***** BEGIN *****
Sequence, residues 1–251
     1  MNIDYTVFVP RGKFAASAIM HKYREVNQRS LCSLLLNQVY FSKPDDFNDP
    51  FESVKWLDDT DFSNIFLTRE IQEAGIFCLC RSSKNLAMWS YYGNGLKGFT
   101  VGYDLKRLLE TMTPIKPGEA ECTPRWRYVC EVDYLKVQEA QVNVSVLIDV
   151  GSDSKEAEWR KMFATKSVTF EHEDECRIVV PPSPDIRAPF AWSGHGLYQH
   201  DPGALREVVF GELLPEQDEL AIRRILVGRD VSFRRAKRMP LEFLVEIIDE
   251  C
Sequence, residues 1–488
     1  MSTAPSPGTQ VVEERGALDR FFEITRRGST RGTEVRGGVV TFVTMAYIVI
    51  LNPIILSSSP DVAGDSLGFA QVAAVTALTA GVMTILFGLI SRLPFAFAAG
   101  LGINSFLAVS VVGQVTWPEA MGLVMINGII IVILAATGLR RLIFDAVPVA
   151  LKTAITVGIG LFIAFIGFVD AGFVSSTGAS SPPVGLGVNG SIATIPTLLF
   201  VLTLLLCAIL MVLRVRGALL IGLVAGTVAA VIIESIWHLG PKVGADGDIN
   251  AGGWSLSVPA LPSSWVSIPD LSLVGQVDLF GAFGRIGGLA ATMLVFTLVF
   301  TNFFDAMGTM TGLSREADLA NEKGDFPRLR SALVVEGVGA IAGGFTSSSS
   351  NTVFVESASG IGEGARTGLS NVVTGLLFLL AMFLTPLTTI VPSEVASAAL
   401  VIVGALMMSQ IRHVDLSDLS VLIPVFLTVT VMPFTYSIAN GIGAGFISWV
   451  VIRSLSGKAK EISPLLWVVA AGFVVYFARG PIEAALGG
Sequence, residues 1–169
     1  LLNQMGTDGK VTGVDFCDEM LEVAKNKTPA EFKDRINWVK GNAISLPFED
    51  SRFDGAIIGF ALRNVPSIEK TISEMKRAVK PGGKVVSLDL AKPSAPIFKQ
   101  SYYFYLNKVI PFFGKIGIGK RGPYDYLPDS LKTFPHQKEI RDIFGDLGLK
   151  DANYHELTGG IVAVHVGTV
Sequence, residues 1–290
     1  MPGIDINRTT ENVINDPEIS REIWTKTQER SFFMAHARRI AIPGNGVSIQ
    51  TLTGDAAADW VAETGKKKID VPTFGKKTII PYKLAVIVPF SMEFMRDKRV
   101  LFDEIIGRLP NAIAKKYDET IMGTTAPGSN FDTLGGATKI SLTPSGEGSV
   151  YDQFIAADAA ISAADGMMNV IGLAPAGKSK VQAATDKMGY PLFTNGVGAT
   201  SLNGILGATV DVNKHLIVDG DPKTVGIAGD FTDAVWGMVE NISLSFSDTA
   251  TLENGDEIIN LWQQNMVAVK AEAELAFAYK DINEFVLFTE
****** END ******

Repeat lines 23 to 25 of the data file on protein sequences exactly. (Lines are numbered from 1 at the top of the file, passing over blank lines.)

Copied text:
   151  DANYHELTGG IVAVHVGTV
Sequence, residues 1–290
     1  MPGIDINRTT ENVINDPEIS REIWTKTQER SFFMAHARRI AIPGNGVSIQ